“On August 25, 1947 at 8 o’clock in the morning we were already in Myślibórz. The birthday of the late Sister Faustina was selected by Lord Jesus to be our day of birth for community life (...) So we are already in Myślibórz, in the little Saint Joseph’s house, the birthplace of our monastic life. We came here by a strange coincidence, or actually because this was the will of God on the day Sister Faustina was born. We cannot put our happiness into words, and, even though everything here is arranged only temporarily, our joy knows no limits. At first we occupied two small rooms upstairs, but then we moved downstairs, in order to arrange everything in the best possible congregation like way (...) Here, at this tiny house, the Merciful King is at home. Be praised, Merciful Jesus”.


Sister Faustina and sister Benigna – first mothers of the new congregation


Following numerous efforts (it was the time of communism), on August 25, 1947, Sister Faustina and Sister Benigna began a communal monastic life at the parish in Myślibórz - the place offered to them by the apostolic administrator in Gorzów Wielkopolski, Father Edmund Nowicki. They notified Father Michael Sopoćko about this, who, called by Archbishop Jałbrzykowski, arrived in Poland with the last transport of the people displaced from Lithuania, and was staying in Białystok.

In Białystok, Father Sopoćko worken and fulfillen his pastoral duties until the end of his life (about 30 years). He also regularly kept in touch with the sisters from Myślibórz - watching over the spiritual and material development of the newly - founded Congregation.



Fragments of Father Sopoćko’s letter of November 12, 1947 to the newly created community of sisters in Myślibórz:

Jesus, I trust in You! Dear Ladies and Reverend Sisters
(…) Three years ago you took your vows in Vilnius at the chapel of Carmelite Sisters, which the late Sister Faustina saw in her spirit and described in detail. These vows were made in a “catacomb” manner; you had to make your way through the streets at night, threatened at every step by the risk of being halted, and even during the service you feared that no one undesirable spied on you, revealed you, or betrayed you.”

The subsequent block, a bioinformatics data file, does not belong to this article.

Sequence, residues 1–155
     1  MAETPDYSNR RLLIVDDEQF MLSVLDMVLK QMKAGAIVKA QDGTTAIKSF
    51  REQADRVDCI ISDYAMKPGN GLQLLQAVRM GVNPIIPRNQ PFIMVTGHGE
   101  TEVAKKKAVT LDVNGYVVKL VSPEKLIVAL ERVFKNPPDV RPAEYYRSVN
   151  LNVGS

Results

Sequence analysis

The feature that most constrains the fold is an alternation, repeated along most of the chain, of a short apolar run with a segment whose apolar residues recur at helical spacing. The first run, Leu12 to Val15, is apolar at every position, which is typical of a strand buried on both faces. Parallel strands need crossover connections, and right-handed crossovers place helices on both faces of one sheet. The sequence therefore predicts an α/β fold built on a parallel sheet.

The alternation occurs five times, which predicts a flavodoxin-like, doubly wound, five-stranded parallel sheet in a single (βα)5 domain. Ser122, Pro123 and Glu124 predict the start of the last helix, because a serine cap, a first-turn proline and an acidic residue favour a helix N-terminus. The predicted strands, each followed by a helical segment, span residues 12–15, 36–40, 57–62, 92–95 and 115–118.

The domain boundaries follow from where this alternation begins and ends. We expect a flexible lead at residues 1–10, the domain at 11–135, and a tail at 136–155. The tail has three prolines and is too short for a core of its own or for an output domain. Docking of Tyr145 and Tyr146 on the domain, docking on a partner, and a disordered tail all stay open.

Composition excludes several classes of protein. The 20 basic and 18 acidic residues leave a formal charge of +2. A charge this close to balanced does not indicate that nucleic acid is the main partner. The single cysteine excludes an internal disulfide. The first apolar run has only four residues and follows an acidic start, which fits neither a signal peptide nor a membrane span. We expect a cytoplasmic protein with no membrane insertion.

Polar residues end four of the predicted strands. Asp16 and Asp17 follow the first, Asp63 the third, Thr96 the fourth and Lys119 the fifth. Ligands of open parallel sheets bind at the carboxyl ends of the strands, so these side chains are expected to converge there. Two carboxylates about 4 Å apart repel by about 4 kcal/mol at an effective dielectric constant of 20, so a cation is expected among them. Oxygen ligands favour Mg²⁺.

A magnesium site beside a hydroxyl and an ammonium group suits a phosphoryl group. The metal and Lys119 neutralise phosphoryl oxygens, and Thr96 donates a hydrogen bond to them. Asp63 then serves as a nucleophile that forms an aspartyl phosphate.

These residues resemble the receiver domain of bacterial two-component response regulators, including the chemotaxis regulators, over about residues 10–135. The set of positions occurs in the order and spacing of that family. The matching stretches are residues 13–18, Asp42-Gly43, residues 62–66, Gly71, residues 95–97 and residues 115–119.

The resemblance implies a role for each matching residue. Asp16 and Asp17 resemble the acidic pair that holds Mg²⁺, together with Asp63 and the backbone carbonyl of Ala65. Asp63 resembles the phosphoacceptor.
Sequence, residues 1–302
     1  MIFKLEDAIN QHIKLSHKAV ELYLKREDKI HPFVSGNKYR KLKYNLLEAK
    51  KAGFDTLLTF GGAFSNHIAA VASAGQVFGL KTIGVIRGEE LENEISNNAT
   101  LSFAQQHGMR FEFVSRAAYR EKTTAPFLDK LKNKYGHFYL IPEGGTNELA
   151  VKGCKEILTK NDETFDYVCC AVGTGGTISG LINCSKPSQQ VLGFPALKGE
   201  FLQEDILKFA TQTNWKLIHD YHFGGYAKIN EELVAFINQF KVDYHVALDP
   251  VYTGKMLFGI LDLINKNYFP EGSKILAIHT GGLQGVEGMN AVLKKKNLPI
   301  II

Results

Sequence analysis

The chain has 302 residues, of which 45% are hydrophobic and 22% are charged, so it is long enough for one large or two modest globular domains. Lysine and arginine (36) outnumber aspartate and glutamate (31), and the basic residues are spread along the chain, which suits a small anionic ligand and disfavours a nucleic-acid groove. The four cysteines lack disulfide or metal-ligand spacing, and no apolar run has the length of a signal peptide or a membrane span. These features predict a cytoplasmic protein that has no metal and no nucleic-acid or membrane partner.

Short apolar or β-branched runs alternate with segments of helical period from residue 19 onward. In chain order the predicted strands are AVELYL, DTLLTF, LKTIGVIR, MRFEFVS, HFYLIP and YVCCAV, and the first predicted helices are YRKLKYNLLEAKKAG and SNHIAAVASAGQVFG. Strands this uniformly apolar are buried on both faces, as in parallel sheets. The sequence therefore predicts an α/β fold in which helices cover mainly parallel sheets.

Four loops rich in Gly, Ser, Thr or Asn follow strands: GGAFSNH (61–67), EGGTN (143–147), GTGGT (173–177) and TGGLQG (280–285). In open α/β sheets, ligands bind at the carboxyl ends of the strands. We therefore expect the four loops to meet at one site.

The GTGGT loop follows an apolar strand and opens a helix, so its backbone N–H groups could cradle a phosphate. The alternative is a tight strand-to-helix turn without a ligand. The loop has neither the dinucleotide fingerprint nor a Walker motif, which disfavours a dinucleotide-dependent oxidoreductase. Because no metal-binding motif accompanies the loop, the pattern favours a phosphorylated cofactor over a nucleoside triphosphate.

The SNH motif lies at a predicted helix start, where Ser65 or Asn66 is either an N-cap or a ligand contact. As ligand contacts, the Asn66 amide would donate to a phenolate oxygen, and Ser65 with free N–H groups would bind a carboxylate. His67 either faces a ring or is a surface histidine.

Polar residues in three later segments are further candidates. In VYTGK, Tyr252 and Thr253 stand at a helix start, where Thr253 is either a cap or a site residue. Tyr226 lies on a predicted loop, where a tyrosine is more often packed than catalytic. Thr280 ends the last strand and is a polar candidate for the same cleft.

(…) I desire that each of you becomes a saint not according to one, universal pattern, but each of you individually according to your own in-born and acquired positive abilities and God’s graces, that are granted by the Most Merciful Saviour to each soul according to her needs. I pray for that during each Holy Mass, for each of you individually, for each one I know and those I do not yet know, and for all of you together, as for the Brides of the Most Merciful Saviour, the keepers of His secret of Mercy, and the workers in His vineyard.
(…) You are the first bricks in the foundations of the edifice which is to be erected by God’s will to meet the Church’s needs in present days and in days yet to come. As in every building the durability depends on the quality of the foundations, so also here the development of the future Congregation of the Servants of the Most Merciful Saviour depends on your spiritual skill and your unification with the Most Merciful Saviour, on your perseverance and sacrifice, on your simplicity and prudence, and most of all, on your trust in the Divine Mercy, and your zeal in spreading this devotion”.




For a couple of years also Father Józef Andrasz, a Jesuit, the Cracow confessor of Sister Faustina, stayed in touch with the new congregation, offering his advice and spiritual support.

Fragments of letters by Father Józef Andrasz SJ to sisters of the new religious community in Myślibórz:

Cracow, January 7, 1948 (back of the postcard)
“I know that you, my dear Sisters, rejoice at everything with regard to the development of the Divine Mercy worship. Here is a beautiful sign of that received from America. It already made happy Sisters in Łagiewniki; let their younger Sisters in Myślibórz be happy as well - and pray sincerely for the Father who sends them his sincere wishes for year 1948 and priestly blessing”.



Cracow, October 8, 1948
“(...) I know that everything that regards Divine Mercy, and she who the goodness of Lord Jesus deigned to call for this work – have been of great interest to you. I think that Father Sopoćko has spared no news. The hearts at the Congregation of the Sisters of Our Lady of Mercy rejoice while looking at one of its Sisters presented in the attached leaflet as “a candidate” for beatification. I think, however, that no less will rejoice the Servants of Divine Mercy seeing in this leaflet proof that the Church authorities have already allowed the faithful to pray for beatification of her, who is much more for you than just one of many Sisters – as, in some way, she is your founder and spiritual mother. Sincerely, Father J. Andrasz SJ”.



Zakopane, December 29, 1950
“Dear Sister Benigna, You are right when writing that your cause is close and dear to me. Merciful Jesus deigned to lay a bit of its foundation also on me - to grant through my words some light to the person you consider a spiritual Founder of yours... Sincerely, Father J. Andrasz SJ”.